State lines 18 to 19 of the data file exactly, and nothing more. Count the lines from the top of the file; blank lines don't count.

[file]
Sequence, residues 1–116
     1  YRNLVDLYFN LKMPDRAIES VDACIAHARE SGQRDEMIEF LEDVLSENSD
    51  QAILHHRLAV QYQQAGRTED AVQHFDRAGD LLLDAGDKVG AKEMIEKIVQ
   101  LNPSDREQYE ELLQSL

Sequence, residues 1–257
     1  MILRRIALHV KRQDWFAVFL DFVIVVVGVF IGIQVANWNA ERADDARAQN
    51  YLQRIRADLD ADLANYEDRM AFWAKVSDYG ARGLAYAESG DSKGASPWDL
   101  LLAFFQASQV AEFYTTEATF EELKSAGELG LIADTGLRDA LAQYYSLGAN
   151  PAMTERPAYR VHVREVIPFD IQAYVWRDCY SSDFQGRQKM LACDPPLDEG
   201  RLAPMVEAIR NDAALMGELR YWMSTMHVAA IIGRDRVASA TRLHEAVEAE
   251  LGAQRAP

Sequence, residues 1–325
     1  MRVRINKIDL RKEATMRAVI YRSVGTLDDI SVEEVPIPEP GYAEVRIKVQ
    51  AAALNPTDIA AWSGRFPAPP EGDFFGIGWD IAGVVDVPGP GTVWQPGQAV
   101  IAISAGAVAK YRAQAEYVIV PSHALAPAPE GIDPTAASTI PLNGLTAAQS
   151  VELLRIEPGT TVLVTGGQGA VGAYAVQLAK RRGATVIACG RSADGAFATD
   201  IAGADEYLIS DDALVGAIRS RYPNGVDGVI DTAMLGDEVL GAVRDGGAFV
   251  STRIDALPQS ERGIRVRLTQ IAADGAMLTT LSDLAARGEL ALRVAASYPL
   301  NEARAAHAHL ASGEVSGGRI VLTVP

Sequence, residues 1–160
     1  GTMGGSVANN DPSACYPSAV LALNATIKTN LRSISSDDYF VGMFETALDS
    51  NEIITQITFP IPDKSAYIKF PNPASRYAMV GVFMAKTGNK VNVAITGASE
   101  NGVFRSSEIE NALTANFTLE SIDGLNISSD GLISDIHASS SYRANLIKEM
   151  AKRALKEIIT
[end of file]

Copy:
   251  STRIDALPQS ERGIRVRLTQ IAADGAMLTT LSDLAARGEL ALRVAASYPL
   301  NEARAAHAHL ASGEVSGGRI VLTVP